Has live on line learning killed the classroom?

Insights Blog Has live on line learning killed the classroom?

Last year, the CIPD (Chartered Institute of Personnel and Development) published a survey that said that for 2020 ‘for 40% of L and D professionals the greatest impact on the L and D profession would be the virtual classroom’ – then came Covid 19. So is class room training dead? Will all instructor led training be run on line from now on?

For those of us who remember when e-learning first started, a similar question was asked then about the demise of the classroom and it never happened. Why? Well because although the technology around e-learning is exceedingly sophisticated and can be designed to be engaging, it is fundamentally about self-directed study. In many applications this is fine and allows study to take place when ever and where ever and if required, in micro bursts. But, it does rely on the motivation of the learner themselves. Thus, we see that e-learning has its place in the blended learning spectrum but would not replace the instructor led training course.

Covid-19 has accelerated the tale up of the instructor led on line course using tools such as Adobe Connect and Webex Learning. Needs must as they say. Both instructors and learners have been driven to trial the interactive tools, messaging, polling, whiteboards and break out rooms. This is not just a Webinar or web meeting. It is far richer and more engaging than that, or can be in the hands of the right facilitator.

Whilst the recent upsurge has been driven by necessity - what happens after?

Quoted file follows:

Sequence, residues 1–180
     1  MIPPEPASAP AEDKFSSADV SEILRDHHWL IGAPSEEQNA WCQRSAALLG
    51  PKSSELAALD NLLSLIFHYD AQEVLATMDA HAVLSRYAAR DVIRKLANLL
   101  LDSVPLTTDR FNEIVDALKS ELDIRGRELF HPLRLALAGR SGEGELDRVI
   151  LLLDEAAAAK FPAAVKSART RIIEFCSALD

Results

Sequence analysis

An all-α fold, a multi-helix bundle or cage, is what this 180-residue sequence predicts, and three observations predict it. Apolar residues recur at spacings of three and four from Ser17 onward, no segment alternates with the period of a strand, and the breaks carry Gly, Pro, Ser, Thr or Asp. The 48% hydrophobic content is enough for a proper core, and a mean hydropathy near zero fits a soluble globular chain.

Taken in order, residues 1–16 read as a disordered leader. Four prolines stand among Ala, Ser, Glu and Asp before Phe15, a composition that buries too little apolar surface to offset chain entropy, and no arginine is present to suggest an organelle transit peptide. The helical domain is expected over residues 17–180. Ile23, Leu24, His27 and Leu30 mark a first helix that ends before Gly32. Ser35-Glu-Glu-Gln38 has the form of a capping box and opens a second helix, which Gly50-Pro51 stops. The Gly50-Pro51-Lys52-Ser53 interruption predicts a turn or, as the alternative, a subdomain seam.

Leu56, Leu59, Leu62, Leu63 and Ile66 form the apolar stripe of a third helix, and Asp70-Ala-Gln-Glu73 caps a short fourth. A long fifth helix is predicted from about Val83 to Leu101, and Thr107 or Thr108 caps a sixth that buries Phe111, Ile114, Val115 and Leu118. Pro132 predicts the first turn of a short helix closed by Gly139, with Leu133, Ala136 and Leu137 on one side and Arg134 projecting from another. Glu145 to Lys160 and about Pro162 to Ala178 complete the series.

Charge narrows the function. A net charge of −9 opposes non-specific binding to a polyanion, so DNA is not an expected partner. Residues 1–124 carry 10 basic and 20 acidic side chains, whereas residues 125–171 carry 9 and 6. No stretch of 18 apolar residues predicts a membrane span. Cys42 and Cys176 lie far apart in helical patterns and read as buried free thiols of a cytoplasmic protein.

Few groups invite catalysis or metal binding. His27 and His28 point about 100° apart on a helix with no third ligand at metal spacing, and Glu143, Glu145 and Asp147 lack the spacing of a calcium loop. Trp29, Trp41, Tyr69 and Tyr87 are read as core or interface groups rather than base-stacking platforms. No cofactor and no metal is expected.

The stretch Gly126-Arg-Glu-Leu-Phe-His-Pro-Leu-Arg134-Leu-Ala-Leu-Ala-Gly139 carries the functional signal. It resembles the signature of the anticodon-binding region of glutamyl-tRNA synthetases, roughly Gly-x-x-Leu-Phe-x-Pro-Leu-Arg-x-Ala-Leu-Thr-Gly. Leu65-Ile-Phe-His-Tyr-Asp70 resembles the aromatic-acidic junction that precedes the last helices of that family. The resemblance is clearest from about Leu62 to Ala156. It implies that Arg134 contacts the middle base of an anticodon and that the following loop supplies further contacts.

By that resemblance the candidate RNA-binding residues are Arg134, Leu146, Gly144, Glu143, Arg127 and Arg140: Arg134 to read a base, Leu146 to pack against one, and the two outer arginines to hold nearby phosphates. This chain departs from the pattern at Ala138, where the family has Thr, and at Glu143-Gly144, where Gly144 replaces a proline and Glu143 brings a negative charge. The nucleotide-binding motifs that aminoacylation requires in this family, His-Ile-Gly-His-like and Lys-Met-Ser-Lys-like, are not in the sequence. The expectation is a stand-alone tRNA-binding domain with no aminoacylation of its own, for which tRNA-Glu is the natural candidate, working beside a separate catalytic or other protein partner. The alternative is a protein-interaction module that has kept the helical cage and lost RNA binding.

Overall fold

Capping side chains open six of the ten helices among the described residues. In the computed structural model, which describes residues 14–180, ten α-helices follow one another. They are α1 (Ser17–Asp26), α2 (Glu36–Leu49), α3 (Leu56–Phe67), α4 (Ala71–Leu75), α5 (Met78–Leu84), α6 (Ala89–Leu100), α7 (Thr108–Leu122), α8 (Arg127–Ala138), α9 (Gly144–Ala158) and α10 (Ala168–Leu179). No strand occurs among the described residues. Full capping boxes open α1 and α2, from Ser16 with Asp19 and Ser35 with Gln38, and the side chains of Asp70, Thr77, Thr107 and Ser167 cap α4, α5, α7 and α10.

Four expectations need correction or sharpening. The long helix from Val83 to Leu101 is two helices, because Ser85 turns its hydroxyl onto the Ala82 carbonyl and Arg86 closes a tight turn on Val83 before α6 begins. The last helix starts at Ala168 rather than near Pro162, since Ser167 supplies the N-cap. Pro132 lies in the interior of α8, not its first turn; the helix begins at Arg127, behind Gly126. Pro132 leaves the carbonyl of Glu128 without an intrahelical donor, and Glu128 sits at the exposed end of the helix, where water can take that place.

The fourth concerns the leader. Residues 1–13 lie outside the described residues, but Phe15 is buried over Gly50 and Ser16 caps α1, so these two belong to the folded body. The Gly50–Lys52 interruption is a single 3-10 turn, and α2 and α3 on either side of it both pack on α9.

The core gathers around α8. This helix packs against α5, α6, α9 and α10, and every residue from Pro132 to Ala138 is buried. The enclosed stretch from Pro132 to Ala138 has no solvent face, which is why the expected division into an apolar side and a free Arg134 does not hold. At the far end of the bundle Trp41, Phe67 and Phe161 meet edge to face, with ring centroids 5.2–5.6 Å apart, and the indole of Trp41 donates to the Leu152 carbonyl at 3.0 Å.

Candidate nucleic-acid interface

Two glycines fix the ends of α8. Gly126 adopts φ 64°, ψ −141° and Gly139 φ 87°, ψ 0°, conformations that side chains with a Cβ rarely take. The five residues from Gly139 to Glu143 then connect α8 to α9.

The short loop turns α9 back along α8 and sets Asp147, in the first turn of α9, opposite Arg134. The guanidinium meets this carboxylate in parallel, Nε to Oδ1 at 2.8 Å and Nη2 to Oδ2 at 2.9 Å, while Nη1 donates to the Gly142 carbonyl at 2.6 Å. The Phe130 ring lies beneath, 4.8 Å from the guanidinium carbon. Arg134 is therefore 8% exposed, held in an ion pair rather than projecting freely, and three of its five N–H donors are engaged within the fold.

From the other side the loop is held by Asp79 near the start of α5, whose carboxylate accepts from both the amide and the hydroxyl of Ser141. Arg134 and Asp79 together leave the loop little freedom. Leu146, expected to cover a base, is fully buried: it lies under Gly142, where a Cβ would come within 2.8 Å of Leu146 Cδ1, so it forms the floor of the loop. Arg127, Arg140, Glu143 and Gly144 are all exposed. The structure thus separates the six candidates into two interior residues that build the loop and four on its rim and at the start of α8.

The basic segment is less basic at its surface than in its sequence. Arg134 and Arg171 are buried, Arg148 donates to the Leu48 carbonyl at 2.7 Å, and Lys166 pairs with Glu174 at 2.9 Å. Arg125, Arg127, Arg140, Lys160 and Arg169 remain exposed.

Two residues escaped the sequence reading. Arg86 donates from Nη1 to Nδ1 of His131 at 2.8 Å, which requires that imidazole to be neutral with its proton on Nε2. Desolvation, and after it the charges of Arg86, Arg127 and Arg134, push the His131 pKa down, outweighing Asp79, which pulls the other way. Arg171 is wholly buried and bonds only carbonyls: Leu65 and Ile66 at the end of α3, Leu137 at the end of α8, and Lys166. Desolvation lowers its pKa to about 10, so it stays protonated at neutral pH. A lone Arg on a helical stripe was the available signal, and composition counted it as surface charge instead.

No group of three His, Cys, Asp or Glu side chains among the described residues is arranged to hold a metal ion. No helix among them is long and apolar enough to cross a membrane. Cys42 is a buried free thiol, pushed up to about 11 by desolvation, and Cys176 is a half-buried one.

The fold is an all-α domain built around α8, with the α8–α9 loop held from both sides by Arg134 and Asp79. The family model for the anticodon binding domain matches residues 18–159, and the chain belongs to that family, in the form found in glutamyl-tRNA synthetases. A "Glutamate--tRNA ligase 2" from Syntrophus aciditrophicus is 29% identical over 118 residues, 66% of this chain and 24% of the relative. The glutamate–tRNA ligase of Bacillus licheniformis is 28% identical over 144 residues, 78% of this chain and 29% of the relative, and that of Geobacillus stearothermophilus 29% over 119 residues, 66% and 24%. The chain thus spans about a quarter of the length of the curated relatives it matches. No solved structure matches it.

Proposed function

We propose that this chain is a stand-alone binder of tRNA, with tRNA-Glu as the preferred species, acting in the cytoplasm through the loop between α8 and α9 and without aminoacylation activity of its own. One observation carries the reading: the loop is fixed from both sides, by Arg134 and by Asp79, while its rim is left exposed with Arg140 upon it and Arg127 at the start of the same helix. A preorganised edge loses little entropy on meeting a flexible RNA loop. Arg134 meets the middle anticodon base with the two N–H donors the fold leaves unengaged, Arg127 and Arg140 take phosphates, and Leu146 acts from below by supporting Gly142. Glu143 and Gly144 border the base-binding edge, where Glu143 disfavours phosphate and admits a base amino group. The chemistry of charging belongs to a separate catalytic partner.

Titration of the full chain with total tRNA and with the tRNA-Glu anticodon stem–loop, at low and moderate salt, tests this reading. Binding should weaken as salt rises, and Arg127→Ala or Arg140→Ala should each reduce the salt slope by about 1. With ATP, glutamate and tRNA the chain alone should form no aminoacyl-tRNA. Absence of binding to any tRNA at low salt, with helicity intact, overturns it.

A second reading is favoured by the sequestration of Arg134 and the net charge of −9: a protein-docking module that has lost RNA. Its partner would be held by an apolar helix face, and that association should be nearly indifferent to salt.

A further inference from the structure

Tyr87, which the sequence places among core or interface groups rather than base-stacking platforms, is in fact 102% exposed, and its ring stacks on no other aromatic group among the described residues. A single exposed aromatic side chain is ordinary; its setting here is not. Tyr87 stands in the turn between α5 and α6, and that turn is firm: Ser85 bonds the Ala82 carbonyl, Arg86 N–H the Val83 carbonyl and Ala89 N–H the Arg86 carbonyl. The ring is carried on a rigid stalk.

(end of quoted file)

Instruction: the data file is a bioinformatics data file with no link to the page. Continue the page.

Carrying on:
Virtual instructor led training still has some challenges. Some are technical such as poor connectivity or invitation emails being blocked by spam filters or deleted. Some are early adoption pains such as poor facilitation and poor understanding and preparation from the participants. But, the main concern is that trainers believe they lose something - the lack of body language and true contact means the trainer cannot be sure that other distractions have been removed. The temptation to answer emails, respond to Facebook or WhatsApp, instead of giving 100% to the trainer is overwhelming for some people.

The biggest advantage of the classroom is that it is a space, away from the day to day working environment, where the group norm is understood, that this is a learning space where individuals are expected to behave in a certain way. And where the trainer can see if they are not.

The biggest disadvantage of the classroom? Cost. Travelling costs, the costs of the room and the opportunity costs of the time getting to and from the training. Whether the additional cost is justified by the enhanced learning experience is probably down to the nature of the training and the skills of the trainer. I suspect that live on line learning will not replace the classroom but be another tool in the blended learning toolbox, but as they say:

"Prediction is very difficult, especially if it's about the future."

--Nils Bohr, Nobel laureate in Physics

By: David Platt